Our children will shortly have spent three months, or one whole term, in their French school. In all this time, Charlie had never been awarded the custody of Black (whose name is Black, not Noir).
Last Friday evening Charlie's teacher announced that, after a few ups and downs, largely because of language problems, he was starting to "do very well" at school, especially with his writing. She presented his mother with the reward: a black rabbit in a dropping-strewn cage, which she had to carry, averting her nose, one mile back to the flat. At every third step, the cage door lurched open but, fortunately, Black had the good sense not to risk escape through the Parisian traffic.
Doing well with his writing does not mean that Charlie is shaping up as the new Baudelaire (yet). His French, though building steadily like a second skin behind his English, is still rudimentary. Those words that he does know, he pronounces beautifully, with the guttural roll that no adult, native Anglophone can ever quite capture. But he still puts the words together without verbs, like a toddler learning language for the first time.
Clare, his three year old sister, is more resistant to French, although she no longer insists that she will never speak the language because she is not equipped with French teeth. Instead, she demands, "Why don't they speak normal?" Even she is absorbing French unconsciously. She delights in pronouncing her name in the way that her teacher pronounces it, not Clare but "Clarrreachh".
In England, Charlie was taught to form his letters in pencil with careful spaces in between. The fact that he is now "writing well" means that he has finally come to grips with French joined-up copper plate and leaky fountain pens. French children learn to read and write later than British children but skip the baby-writing stage completely. Charlie's class spends an inordinate amount of time (whole mornings it seems) doing "dictee" - copying the teacher's handwriting from the blackboard or an exercise book. They are never asked to compose anything from their memory or imagination.
At his school in London, Charlie was always being given difficult, and often very interesting, creative writing tasks. But he was never sufficiently drilled - so it seemed to us - in the mechanical business of letter-formation. We were told that this would come naturally. From the age of five, he wrestled, in huge, uneven letters, with projects such as the Spanish Armada, the Second World War and the history of theatre.
The transition from pupil to eleve was, therefore, awkward. For weeks Charlie's efforts at joined-up writing looked as if Black had walked across the page with ink on his paws. His teacher put forbearing remarks like "courage" and "continue" at the end of his work.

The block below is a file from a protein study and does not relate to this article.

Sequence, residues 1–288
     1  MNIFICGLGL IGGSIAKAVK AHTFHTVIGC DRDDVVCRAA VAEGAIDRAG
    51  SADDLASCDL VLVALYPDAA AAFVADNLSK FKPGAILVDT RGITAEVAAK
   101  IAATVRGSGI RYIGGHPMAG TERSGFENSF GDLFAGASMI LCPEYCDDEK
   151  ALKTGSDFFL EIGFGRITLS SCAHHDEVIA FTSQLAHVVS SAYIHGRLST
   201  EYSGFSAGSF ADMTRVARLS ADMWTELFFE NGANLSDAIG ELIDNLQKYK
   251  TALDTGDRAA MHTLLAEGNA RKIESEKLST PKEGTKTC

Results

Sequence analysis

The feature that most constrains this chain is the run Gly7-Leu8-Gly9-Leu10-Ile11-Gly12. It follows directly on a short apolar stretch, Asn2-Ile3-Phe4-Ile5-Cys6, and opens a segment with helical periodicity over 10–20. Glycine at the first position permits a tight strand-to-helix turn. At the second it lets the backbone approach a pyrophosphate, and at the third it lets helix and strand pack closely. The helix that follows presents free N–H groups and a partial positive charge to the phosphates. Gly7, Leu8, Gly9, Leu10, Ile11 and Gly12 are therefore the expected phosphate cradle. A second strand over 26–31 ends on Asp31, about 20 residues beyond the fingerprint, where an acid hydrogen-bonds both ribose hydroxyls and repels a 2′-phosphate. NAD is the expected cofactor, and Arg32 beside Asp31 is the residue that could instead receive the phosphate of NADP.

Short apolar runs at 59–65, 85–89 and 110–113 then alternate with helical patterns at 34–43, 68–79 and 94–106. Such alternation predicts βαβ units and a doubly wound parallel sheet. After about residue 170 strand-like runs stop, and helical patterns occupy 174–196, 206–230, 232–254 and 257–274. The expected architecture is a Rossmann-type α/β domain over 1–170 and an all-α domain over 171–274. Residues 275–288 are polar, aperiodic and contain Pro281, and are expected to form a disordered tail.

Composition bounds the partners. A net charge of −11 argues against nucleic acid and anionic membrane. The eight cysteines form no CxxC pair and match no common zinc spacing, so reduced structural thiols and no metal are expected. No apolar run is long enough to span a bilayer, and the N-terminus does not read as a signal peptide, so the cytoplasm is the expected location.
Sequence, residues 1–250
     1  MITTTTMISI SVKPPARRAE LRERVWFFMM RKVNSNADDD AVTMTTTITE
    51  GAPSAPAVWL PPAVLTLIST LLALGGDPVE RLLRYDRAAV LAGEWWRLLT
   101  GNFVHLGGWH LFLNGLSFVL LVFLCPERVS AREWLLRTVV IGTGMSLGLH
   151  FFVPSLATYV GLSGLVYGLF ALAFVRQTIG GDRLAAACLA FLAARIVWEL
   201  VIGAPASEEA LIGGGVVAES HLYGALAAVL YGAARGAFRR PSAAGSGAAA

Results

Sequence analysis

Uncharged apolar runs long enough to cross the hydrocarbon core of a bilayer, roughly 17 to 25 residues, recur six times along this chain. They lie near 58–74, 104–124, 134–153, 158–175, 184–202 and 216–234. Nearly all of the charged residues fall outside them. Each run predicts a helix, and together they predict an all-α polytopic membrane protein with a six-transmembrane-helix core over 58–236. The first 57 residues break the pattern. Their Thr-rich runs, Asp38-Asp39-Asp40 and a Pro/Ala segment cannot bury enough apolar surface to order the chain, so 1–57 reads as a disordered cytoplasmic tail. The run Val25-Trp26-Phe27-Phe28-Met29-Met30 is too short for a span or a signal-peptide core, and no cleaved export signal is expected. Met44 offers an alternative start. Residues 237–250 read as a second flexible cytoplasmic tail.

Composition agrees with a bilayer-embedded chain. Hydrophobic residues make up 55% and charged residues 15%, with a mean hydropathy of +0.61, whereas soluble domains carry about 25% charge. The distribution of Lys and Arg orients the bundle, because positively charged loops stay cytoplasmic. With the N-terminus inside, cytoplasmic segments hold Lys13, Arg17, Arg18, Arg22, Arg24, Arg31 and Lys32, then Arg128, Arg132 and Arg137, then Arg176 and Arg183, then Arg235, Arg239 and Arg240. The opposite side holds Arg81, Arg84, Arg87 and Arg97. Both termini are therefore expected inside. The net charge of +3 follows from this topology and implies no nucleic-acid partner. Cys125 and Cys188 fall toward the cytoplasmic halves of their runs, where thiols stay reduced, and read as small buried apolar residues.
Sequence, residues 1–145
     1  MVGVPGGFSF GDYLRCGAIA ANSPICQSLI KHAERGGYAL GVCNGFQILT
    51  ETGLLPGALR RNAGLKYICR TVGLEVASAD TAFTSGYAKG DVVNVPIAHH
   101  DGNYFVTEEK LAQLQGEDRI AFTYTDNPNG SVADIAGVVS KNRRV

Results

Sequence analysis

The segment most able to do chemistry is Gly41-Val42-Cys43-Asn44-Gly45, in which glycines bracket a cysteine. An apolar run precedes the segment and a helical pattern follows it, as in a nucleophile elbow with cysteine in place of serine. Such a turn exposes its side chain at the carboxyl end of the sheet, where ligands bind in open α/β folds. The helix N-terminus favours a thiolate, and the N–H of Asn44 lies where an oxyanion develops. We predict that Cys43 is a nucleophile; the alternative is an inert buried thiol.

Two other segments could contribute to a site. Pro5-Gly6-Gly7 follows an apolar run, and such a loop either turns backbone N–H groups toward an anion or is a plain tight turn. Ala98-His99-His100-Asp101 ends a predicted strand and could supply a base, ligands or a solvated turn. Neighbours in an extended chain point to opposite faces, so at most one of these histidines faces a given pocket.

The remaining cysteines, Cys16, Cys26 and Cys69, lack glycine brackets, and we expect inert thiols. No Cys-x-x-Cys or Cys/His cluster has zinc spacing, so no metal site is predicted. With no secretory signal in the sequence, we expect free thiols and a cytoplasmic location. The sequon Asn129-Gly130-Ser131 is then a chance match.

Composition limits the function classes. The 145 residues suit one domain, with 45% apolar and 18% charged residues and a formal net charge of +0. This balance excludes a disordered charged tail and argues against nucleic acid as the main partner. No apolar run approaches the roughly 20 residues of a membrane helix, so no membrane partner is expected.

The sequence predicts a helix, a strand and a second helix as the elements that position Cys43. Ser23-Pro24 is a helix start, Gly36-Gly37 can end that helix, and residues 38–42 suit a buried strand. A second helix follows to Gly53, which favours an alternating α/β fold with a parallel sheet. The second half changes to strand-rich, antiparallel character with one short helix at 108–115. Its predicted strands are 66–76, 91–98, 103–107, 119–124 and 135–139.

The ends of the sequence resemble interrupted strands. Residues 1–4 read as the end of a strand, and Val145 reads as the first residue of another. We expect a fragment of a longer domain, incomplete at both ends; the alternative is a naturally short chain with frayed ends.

Finally, it seemed, both she and he got bored simultaneously and agreed that he would now make an enormous effort to write as neatly as the other pupils. After that, his exercise book came home with elegant, small writing, full of whirls and curls that a fastidious British 12 year old would have been proud of. Madame's remarks were "Bravo" and "Splendide".
All of which points, in its own small way, to disparities in the French and British approaches to education. "French children don't seem to learn very much," remarked Charlie on one occasion. For children of his age, the curriculum comes down to the five r's, reading, writing, arithmetic, art and (in Catholic schools like his), religion.
French primary schools, though not as regimented as they once were, still exist in the era of drilling and rote-learning beloved of the of anti- modernists in the education debate in Britain. It would be wrong to say that individuality is discouraged. It is a warm and happy school. But conformism is definitely encouraged. Even at the older levels, right up to the baccalaureat, the emphasis in French schools is on absorbing facts and pre-packaged concepts. Little creativity, or imagination, or independent thinking, is demanded. This old-fashioned approach, which is sometimes portrayed in Britain as belonging to a golden age, is now criticised by some in France as a trap and a betrayal.
In the most recent global league tables French education - especially in maths - comes out pretty well. But French children lag in science and especially computer science. Although formally excellent, the critics say, French schools fail to generate young people with the adaptability, creativity and flexibility of mind to cope with the demands of the modern world.
Some critics blame the school system for the high levels of youth unemployment in France (which probably has far more to do with the high social costs of employing anyone at all).
We are reserving judgement. On the whole, we believe Charlie has benefited from the French approach. We feared he was losing his way in his British school. It encouraged his imagination, which needed little encouragement, but neglected some of his basic skills, which did.
The French concentration on fundamentals has made him more physically adept, and more focused, in the space of three months. On the other hand, we fear that, as he gets older, once he has conquered his copper-plate and his French, he may get bored. Some middle way between British creativity and French rigidity must be possible: is there not a Eurocrat in Brussels with spare time to harmonise the two approaches?
In the meantime, Charlie's teacher says that he is now conforming so well that he can have Black for the weekend whenever he wants to. Fine: but guess which member of the household ended up cleaning out the cosseted and much-beloved creature's cage?
John LichfieldReuse content